Nigel Smith Source: Screencap/New Fire Island/X

'New Fire Island' - Pipe Dream? Or Vision for a Happy Gay Future?

Kilian Melloy READ TIME: 3 MIN.

A small group of gay men have an idea for a "New Fire Island" that they say will offer all the gay vibes and beachside glamor of the original but be more affordable - and European.

Australian architect Nigel Smith talked with Curbed about the proposed, tailor-made gay paradise, which, Curbed noted, Smith and fellow would-be founders Brett Fraser and Aron D'Souza have described with phrases like "sunny Mediterranean," "south facing beach," and, revealing the non-American genesis of the idea, "maximum half-day travel door-to-door from London."

The Curbed article gave off some skeptical vibes, saying that "the real pitch is that it's good to invest in a six-pack-rich environment."

"'From the West Village to West Hollywood, everyone knows that when gays get together to build a village, magic happens and prices skyrocket,' the [project's] website declares, a bit cannibalistically," the Curbed writeup added. "'Now, it is our turn to benefit from gentrification, not suffer through it.'"

"In other words," Curbed said, "this is a once-in-a-lifetime opportunity to get in on the ground floor of something that could make you rich and get you laid."

In his comments to Curbed, Smith dismissed the idea that he and his colleagues were dissing Fire Island. "We're actually honoring it by saying there are some beautiful things here," Smith said, before saying that the OG Fire Island is "a very special place - the fact that it's such a dominant rainbow culture" of a sort that simply doesn't exist in Australia (or, for that matter, in most places on Earth). Smith noted that even places like Mykonos and Palm Springs aren't as gay as one might think.

"We spend our whole lives in a straight world," Smith told Curbed. "To go escape on a vacation and be surrounded by family is just so liberating."

Fire Island, though, "just cannot be developed anymore," Smith noted.

That fact, plus the price spike that happened during the pandemic, have placed Fire Island out of reach of anyone who's not out and out rich.

"I was looking at a block in 2019, and it was $175,000," Smith recalled. "I was like, 'Ugh, I can do this, it's not easy, but I can do this.' Then it sold for $440,000."

"It's a supply-and-demand problem," Smith continued. "I can't compete with a million gays in Manhattan who wanna buy one of five houses on the market."

Rentals are equally astronomical.

"I got a bay-front house last year, which was $13,000 for a week," Smith detailed. "Three bedrooms, two bathrooms. That was considered a good deal. That's why we're trying to keep the price point low with New Fire Island. If you and three friends can put down $125,000, you can do it."

There would be value for the money, Smith indicated, describing a deliberately designed retreat complete with an array of amenities: "A co-working space. A gay gym for gay people.... I think a really sexy gym would be amazing at New Fire Island. I think there's some safety issues - in a basic design sense. If guys are partying and carrying on, and we can purpose-build this place for the gay community, we can make sure the risk of accident is reduced in how we design it. I think there's a lot of things we can do as 'the world's first purpose-built gay escape.'"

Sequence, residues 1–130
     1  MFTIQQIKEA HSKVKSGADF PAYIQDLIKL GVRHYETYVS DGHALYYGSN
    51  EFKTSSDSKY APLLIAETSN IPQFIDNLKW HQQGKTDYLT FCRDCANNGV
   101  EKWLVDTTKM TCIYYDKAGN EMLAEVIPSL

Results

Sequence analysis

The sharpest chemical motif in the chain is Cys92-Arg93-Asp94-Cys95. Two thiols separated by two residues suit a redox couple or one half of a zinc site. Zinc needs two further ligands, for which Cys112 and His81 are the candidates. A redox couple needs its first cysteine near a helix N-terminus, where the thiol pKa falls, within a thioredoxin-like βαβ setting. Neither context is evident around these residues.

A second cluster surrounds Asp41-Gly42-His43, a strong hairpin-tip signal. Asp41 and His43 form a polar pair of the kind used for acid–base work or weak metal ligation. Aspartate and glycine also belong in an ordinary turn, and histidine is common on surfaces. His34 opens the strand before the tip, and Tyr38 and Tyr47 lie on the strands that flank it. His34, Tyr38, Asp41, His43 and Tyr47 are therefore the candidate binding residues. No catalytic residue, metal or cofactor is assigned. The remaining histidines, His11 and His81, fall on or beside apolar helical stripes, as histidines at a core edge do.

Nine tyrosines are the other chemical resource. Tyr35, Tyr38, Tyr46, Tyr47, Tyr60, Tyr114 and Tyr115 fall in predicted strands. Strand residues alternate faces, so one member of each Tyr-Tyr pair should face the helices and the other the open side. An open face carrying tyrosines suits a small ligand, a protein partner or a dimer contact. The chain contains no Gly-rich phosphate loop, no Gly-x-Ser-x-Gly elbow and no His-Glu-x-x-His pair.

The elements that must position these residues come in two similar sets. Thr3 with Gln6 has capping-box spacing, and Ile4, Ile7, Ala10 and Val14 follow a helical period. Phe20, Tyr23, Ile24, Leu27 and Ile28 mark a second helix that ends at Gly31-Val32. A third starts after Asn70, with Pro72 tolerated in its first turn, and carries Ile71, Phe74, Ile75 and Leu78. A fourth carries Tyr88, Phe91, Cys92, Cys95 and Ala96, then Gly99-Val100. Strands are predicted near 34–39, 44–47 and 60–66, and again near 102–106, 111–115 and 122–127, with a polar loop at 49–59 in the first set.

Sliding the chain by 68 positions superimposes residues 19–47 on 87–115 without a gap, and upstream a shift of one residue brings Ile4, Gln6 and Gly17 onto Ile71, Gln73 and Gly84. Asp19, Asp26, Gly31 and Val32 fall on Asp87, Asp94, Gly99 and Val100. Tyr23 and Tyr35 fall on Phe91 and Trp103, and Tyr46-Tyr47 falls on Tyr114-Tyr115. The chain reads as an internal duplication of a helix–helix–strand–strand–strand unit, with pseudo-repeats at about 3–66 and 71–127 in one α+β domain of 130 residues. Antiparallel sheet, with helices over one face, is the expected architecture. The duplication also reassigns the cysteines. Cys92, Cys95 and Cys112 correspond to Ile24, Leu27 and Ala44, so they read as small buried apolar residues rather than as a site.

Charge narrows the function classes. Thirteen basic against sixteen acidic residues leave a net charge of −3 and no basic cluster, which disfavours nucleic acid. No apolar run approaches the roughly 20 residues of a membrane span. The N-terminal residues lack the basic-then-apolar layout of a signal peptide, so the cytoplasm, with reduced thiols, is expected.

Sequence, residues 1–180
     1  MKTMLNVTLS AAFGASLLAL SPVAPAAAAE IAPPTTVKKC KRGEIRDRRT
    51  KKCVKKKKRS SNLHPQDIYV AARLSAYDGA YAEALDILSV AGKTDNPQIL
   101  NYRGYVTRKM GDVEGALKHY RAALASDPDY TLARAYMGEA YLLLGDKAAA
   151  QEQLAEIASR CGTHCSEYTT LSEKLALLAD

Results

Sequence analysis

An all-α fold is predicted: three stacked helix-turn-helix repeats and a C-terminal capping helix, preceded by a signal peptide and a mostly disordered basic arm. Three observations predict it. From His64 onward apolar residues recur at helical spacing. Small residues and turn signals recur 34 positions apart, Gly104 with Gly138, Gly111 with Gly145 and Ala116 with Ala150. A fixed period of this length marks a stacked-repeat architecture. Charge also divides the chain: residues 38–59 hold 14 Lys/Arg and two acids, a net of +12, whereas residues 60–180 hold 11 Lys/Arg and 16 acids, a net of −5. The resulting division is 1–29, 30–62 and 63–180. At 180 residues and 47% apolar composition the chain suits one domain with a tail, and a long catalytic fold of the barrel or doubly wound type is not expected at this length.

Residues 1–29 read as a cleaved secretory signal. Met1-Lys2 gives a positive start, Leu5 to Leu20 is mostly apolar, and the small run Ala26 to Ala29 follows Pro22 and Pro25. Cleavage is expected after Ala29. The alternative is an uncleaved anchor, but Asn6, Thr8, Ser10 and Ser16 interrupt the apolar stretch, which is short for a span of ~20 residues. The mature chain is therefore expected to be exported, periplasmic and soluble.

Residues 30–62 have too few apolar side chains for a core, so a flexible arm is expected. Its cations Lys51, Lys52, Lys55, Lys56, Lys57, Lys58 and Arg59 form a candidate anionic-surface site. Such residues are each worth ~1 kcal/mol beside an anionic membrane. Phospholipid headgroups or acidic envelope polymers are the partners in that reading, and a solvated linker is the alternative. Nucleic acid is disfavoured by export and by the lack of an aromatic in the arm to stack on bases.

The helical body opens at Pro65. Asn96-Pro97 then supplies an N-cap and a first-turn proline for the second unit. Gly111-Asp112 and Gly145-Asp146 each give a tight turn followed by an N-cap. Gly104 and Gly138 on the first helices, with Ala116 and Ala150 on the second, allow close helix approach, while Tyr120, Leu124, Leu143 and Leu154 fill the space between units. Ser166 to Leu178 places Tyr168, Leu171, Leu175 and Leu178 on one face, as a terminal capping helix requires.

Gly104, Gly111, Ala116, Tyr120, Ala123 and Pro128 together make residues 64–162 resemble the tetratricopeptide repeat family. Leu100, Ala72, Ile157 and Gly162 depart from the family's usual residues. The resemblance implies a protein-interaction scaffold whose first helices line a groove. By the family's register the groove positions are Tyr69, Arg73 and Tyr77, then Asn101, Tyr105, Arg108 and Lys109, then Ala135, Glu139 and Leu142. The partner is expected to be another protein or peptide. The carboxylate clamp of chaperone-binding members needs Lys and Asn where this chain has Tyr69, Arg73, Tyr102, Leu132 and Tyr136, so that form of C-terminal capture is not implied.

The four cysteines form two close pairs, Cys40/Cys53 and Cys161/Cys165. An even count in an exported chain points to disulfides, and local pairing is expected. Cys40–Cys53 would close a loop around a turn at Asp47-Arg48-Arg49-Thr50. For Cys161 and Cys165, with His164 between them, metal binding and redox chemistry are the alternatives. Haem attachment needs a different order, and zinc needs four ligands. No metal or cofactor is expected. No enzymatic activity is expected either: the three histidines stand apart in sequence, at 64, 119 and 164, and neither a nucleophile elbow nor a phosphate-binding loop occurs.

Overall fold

Smith envisioned a community made up of private homes, but not cars. A pedestrian environment, he maintained, is ecologically friendly and fosters community... in every sense. "I had a friend who was walking on Bay Walk and another guy was coming down Shady Walk and they were in their Speedos," Smith said of the "old" Fire Island. "They started making out. It can happen anywhere. One of them goes to the other, "Hey, you got any lube?" The other guy says, "No, but I've got a chapstick.'"

Moreover, the "gentrification" that Smith proposes wouldn't carry the negative connotation of driving ordinary working people out of their homes and communities. "We're going to be displacing goats," not residents of pre-existing towns, Smith promised.

The problem so far is that Smith and company have yet to find, let alone purchase, the land for their planned gay paradise. Smith mentioned a Greek island - Patroklos - that's for sale, but the steep price tag (€20 million, or close to $22 million in American currency) makes that unlikely. Smith turned again to the idea of a "Mediterranean" locale.

"There's 48,000 kilometers of Mediterranean coastline," Smith told Curbed. "We've narrowed that down to 10,000 kilometers based on ocean temperature, prevailing winds, the cost of permanent residency, distance from international airports, topography, all those kinds of things."

"Look, I agree it's unusual to start a real-estate project without a site," Smith said. "But that's the way to do it."

by Kilian Melloy , EDGE Staff Reporter

Kilian Melloy serves as EDGE Media Network's Associate Arts Editor and Staff Contributor. His professional memberships include the National Lesbian & Gay Journalists Association, the Boston Online Film Critics Association, The Gay and Lesbian Entertainment Critics Association, and the Boston Theater Critics Association's Elliot Norton Awards Committee.

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